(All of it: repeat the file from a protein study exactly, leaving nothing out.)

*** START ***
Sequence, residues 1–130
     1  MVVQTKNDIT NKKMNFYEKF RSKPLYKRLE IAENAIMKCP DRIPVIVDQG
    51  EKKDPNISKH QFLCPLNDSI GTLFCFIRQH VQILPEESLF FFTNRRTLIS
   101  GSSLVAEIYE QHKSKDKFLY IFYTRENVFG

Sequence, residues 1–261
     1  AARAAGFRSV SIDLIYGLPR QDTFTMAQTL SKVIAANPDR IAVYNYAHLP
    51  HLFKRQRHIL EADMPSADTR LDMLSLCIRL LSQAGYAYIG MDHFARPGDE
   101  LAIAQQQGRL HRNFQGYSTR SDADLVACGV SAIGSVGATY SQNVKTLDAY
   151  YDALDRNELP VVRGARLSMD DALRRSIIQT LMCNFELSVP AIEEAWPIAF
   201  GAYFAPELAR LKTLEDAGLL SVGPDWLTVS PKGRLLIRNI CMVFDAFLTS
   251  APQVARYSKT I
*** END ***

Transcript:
Sequence, residues 1–130
     1  MVVQTKNDIT NKKMNFYEKF RSKPLYKRLE IAENAIMKCP DRIPVIVDQG
    51  EKKDPNISKH QFLCPLNDSI GTLFCFIRQH VQILPEESLF FFTNRRTLIS
   101  GSSLVAEIYE QHKSKDKFLY IFYTRENVFG

Sequence, residues 1–261
     1  AARAAGFRSV SIDLIYGLPR QDTFTMAQTL SKVIAANPDR IAVYNYAHLP
    51  HLFKRQRHIL EADMPSADTR LDMLSLCIRL LSQAGYAYIG MDHFARPGDE
   101  LAIAQQQGRL HRNFQGYSTR SDADLVACGV SAIGSVGATY SQNVKTLDAY
   151  YDALDRNELP VVRGARLSMD DALRRSIIQT LMCNFELSVP AIEEAWPIAF
   201  GAYFAPELAR LKTLEDAGLL SVGPDWLTVS PKGRLLIRNI CMVFDAFLTS
   251  APQVARYSKT I